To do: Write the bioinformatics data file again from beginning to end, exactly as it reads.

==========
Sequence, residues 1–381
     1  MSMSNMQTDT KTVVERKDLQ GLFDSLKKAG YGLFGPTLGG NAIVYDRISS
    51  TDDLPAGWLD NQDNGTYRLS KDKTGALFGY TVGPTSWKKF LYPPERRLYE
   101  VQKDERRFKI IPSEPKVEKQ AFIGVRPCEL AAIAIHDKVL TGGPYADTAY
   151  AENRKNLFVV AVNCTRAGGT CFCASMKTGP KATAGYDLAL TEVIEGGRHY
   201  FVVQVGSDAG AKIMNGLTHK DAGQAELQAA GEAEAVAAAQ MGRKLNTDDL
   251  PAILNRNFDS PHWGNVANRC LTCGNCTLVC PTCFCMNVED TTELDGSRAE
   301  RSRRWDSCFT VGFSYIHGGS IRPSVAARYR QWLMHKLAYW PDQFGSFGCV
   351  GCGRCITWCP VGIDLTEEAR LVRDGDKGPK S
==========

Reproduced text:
Sequence, residues 1–381
     1  MSMSNMQTDT KTVVERKDLQ GLFDSLKKAG YGLFGPTLGG NAIVYDRISS
    51  TDDLPAGWLD NQDNGTYRLS KDKTGALFGY TVGPTSWKKF LYPPERRLYE
   101  VQKDERRFKI IPSEPKVEKQ AFIGVRPCEL AAIAIHDKVL TGGPYADTAY
   151  AENRKNLFVV AVNCTRAGGT CFCASMKTGP KATAGYDLAL TEVIEGGRHY
   201  FVVQVGSDAG AKIMNGLTHK DAGQAELQAA GEAEAVAAAQ MGRKLNTDDL
   251  PAILNRNFDS PHWGNVANRC LTCGNCTLVC PTCFCMNVED TTELDGSRAE
   301  RSRRWDSCFT VGFSYIHGGS IRPSVAARYR QWLMHKLAYW PDQFGSFGCV
   351  GCGRCITWCP VGIDLTEEAR LVRDGDKGPK S